By David Cronenwett
“Remember that the yield of a hard country is a love deeper than a fat and easy land inspires, that throughout the arid West the Americans have found a secret treasure…a stern and desolate country, a high bare country, a country brimming with a beauty not to be found elsewhere.” – Bernard DeVoto 1943
There are still places in Montana where the increasingly rare Greater Sage-Grouse (Centrocercus urophasianus) can be observed. The bird’s story and precipitous decline is intimately tied to its shrub-steppe habitat which, like most non-forested landscapes, has suffered greatly at our hands. The species’ mating ritual is highly stylized, occurring each spring typically in open areas with sparse vegetation. Males compete with one another in an elaborate dance to establish mating dominance; feathers fanned with yellow air sacs on their breasts inflated, the birds swagger about producing a variety of strange coos, pops and chortles, occasionally battling one another in the process. Females will observe these strutting displays, often for several days before deciding whom to copulate with.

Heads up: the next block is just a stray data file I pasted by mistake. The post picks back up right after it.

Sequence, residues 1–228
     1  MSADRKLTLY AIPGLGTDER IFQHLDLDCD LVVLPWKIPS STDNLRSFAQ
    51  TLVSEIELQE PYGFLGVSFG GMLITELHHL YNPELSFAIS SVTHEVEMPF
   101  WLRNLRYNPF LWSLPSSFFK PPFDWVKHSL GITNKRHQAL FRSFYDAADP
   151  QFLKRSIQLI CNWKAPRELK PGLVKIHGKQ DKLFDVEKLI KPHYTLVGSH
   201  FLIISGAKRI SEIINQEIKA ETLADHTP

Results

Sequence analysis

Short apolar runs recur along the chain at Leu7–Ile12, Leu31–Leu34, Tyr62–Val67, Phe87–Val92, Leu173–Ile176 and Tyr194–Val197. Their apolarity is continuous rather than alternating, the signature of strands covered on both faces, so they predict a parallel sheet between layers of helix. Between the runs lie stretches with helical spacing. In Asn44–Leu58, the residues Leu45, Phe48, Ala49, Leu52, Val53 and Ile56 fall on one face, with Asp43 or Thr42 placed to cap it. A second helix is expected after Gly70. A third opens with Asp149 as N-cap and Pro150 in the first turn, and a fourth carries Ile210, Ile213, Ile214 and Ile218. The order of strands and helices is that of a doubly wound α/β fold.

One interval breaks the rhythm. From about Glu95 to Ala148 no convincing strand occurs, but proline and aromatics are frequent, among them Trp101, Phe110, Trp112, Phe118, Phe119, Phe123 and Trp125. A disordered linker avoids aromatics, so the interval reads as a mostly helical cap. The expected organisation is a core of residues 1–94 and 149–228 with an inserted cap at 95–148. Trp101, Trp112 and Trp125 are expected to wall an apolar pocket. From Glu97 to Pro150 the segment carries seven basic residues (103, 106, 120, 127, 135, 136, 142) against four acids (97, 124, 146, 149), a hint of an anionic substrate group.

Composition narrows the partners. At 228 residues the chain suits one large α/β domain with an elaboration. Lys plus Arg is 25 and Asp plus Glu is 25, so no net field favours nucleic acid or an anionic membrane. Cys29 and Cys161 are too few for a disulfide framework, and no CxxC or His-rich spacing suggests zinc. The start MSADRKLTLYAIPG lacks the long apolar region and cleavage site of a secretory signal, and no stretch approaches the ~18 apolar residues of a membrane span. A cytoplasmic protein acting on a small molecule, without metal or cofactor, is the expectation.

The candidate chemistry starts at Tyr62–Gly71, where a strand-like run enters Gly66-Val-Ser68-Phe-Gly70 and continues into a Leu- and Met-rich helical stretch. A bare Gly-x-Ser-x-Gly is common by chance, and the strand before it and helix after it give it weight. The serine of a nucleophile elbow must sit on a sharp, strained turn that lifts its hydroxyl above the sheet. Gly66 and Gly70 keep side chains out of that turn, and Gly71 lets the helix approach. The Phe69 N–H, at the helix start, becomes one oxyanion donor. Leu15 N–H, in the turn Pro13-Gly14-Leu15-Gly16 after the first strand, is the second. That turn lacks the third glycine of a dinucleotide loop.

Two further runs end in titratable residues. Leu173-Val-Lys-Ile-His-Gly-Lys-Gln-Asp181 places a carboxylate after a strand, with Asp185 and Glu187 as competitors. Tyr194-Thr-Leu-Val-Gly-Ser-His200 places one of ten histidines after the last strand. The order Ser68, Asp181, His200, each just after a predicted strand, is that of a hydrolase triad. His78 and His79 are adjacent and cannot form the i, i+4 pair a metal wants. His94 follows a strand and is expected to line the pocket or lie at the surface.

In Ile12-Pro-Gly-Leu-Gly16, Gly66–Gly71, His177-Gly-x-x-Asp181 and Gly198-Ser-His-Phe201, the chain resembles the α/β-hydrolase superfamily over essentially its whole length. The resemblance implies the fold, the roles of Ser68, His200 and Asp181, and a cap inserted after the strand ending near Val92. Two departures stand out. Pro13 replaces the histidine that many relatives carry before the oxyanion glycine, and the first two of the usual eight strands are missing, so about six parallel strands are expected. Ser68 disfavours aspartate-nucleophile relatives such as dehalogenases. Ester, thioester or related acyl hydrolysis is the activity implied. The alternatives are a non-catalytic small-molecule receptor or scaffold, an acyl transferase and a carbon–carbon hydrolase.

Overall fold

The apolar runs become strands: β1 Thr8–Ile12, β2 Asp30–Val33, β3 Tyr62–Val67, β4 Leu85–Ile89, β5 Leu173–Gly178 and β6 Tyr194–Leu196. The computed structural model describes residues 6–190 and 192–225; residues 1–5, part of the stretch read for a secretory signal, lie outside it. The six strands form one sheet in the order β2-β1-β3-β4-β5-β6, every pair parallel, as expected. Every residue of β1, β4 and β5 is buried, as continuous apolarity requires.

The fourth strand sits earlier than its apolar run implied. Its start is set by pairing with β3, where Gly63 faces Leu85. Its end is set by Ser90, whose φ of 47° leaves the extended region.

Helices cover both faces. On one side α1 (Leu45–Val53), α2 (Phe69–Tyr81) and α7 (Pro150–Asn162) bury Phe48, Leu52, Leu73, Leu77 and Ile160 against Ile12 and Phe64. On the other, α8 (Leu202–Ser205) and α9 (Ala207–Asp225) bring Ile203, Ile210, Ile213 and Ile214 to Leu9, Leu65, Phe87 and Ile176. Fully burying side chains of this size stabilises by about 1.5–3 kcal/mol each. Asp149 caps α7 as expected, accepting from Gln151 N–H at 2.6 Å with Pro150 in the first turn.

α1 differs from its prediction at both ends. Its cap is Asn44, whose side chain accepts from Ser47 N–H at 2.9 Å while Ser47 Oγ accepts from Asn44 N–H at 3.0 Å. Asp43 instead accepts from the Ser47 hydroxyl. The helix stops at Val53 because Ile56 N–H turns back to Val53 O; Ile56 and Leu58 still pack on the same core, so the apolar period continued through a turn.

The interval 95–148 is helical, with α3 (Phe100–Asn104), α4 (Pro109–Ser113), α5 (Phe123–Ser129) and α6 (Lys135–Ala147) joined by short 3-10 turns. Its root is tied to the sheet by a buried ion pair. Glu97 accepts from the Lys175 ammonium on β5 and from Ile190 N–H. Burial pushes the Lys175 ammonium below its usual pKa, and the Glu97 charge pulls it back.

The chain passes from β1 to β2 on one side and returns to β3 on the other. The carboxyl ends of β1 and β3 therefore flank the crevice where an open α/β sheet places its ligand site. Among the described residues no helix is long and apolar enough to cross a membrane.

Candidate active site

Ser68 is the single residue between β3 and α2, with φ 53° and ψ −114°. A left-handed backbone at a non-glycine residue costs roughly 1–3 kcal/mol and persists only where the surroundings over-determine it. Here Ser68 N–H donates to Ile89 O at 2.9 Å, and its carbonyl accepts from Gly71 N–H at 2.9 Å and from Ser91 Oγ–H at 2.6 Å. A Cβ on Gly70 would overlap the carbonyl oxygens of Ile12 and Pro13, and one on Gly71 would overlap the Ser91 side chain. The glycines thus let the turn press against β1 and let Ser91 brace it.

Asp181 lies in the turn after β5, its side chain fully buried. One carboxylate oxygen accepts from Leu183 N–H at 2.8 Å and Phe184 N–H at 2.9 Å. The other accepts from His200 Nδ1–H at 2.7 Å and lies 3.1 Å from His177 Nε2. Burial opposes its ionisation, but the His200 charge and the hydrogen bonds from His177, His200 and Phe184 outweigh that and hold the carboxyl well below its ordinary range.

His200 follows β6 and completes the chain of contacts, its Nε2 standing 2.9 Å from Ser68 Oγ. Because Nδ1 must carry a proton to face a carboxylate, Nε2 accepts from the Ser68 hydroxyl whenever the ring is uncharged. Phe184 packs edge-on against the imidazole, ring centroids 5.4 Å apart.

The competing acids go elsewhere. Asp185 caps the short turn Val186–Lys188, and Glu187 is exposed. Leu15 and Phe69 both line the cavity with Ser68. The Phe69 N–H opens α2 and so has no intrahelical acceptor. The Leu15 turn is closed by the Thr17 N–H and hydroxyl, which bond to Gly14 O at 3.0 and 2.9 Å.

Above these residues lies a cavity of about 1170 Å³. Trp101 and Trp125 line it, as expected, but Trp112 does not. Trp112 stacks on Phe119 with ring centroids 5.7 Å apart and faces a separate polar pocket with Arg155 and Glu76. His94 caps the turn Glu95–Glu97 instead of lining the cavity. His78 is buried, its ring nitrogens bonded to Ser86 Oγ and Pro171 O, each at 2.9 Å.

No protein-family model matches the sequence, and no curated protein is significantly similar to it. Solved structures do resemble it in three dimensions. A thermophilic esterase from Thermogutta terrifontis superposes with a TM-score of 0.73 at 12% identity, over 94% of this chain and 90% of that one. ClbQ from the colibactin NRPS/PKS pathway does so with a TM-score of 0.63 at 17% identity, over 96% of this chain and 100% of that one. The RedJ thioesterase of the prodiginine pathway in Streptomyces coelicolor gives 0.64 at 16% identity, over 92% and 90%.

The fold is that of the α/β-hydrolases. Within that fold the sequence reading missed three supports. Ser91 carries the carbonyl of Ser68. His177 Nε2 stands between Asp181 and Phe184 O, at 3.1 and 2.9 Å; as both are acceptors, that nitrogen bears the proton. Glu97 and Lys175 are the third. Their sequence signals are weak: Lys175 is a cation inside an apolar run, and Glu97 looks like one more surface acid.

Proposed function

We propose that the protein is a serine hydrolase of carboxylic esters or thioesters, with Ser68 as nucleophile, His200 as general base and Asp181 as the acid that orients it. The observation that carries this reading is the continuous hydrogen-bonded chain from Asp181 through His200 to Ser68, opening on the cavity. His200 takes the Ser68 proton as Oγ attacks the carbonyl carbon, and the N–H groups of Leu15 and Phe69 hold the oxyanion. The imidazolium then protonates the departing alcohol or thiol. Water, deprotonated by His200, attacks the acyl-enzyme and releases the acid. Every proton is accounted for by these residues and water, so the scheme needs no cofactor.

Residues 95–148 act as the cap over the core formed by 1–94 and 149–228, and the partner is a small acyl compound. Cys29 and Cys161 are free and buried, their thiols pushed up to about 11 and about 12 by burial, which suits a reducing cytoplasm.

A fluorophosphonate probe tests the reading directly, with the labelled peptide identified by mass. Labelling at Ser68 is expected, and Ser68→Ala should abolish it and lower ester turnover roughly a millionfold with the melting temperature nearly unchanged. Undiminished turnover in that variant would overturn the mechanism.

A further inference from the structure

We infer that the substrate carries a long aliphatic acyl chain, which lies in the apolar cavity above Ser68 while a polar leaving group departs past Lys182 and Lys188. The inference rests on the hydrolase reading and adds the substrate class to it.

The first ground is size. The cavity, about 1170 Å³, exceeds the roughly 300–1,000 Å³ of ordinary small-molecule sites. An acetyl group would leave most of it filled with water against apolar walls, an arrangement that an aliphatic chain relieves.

Sage grouse are big, weighing up to seven pounds which makes them the largest grouse in North America. One might suspect that a bird of this size would not be a strong flier. Though they do spend a great deal of their time foraging on the ground, single flights up to six miles at speeds approaching fifty miles per hour have been recorded. Some populations will remain in the same range year round, but others seasonally migrate. The longest known movements occur when birds from southern Alberta and Saskatchewan travel over 100 miles into Montana in autumn using a “hopscotch” approach; alternately walking and flying as it suits them.
As its name implies, this animal is strongly tied to sagebrush habitats. Because they do not possess a muscular gizzard for grinding tough seed-foods, their diet is limited almost entirely to softer vegetation. As such, sage grouse evolved a strong preference for the leaves of our many species of sagebrush (Artemesia spp.) which accounts for 62% of the annual diet and 99% of the winter diet. Very few creatures can thrive off of Artemesia which possess mildly toxic terpenes (aromatic hydrocarbons) in their tissues.